Last week we saw that the dollar denominated all the markets especially gold. It was the strengthening dollar that was responsible for the plunge in gold prices.

This week it was even more worse. Precious metals tumbled down and the losses coincided with the recovery of USD against leading currencies such as Euro and Yen and the rally of U.S equities.

The main market movers were the US Dollar and the Chinese economy. rsbl-gold-interest-rate

Though other markets have also seen volatility, the impact on the precious metals markets has been severe. Equities have been on a bull run but commodities have consistently been on the downside and have been hit with sliding prices and withdrawals by investors, squeezing profit opportunities for funds and traders.

Gold closed at $1205 in 2013 and picked up well in 2014, rising to a high of $1380 in March. But post March, gold prices plummeted and have witnessed a loss of 5.5 per cent so far in September.

Gold prices declined for the third straight week after the Fed raised it approximate for a key lending rate even as policy makers confirmed an assurance to keep borrowing costs close to zero percent for a substantial time.

The chief reason for the recent weakness is the US Federal Reserve’s projection for where official interest rates will be heading. The reason why the market has been so reactive to the interest rate rise is that an increase in interest rates and bond yields would raise the opportunity cost of holding gold. Currently gold has is not strong and has been giving negative returns. The strong co relations between gold and US bond yields will further reduce gold prices. Moreover, higher rates also tempts investors to shift to riskier assets like stocks that have been considerable returns. Moreover it continued to set records in 2014.

On Thursday, gold settled at its lowest closing price since the end of December, pressured by the dollar’s move higher after the Federal Reserve meeting on Wednesday

Spot gold was down 0.5 percent on Friday and among other precious metals, silver was down 2.5 percent to $18.01 an ounce. It touched $17.81, its lowest since August 2010.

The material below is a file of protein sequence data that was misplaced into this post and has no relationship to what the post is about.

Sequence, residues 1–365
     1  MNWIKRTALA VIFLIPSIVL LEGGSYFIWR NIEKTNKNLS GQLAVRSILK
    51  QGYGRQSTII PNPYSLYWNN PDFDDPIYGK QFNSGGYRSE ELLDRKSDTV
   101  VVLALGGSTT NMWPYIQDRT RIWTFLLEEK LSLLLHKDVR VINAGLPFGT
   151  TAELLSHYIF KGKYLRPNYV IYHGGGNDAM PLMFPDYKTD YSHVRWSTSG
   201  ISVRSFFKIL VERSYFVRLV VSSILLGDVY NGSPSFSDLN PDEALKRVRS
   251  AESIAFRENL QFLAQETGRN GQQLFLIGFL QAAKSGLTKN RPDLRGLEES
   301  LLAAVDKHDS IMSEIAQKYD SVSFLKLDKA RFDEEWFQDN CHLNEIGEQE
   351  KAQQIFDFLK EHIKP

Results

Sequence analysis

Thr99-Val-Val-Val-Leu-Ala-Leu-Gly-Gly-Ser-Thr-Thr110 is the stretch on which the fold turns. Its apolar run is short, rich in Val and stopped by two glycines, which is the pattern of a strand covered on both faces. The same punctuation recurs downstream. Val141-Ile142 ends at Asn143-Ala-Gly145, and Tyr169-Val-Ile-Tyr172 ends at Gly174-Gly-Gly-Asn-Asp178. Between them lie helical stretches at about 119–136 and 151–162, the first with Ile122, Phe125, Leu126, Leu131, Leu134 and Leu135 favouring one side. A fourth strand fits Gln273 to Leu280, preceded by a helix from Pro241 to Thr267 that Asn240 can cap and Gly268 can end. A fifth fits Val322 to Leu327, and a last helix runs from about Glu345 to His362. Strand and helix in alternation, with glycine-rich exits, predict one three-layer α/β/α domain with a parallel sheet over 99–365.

On Friday the price of gold fell again, reaching a fresh 2014 low following three weeks of straight selling on the back of a strong dollar and expectations of a rise in US interest rates

Globally, we have witnessed financial uncertainty from 2009-2012. This had compelled investors to adopt gold as gold has always been considered a safe haven asset in turmoil.

The Fed now expects that short-term interest rates will be back to normal levels of around 3.75% by the end of 2017.

With the US Federal Reserve announcing a further $10 billion reduction in its monthly purchases, leaving the programme on course to be shuttered next month, it has also made clear that record low interest rates would be around for at least a few more months.

China followed by India are the worlds largest consumers of gold. But this year, demand for gold from both countries faded. Demand in China, which overtook India to become the top consumer of the metal last year, fell by 22 per cent to 351 tonnes in the first half of the year as the country’s economic growth slows down, after reaching record levels in 2013. Jewellery fabrication in India, the world’s second largest gold consumer, declined by 18 per cent to 296 tonnes in the first half on lower official imports after the hike in imports duty last year.

We still await some rise in demand from both countries because July, August and September are typically months for strong months of Gold performance months as buying from Asia increases – particularly due to upcoming festivals and wedding season in India.

A good gauge of demand is buyers’ willingness to pay a premium over the international price.

Gold imports travelling through Shanghai’s Pudong International Airport surged by 200 percent month on month since June as the Shanghai Gold Exchange (SGE) announces plans to allow foreign investment into China’s gold market.

Some modest signs of increased demand in the physical gold market after a dramatic slump in Asia this year, have emerged.

To conclude, I think that precious metals are more likely to suffer tougher times if the dollar stays strong and if positive data continues to flow in from US. Well if it happens otherwise then gold may witness a bullish run.


GOLD $1206 – $1256 AN OUNCE RS. 26,200 – RS. 27,500 PER 10 GM
SILVER $1750 – $1825 AN OUNCE RS.39,000 – RS. 41,000 PER KG

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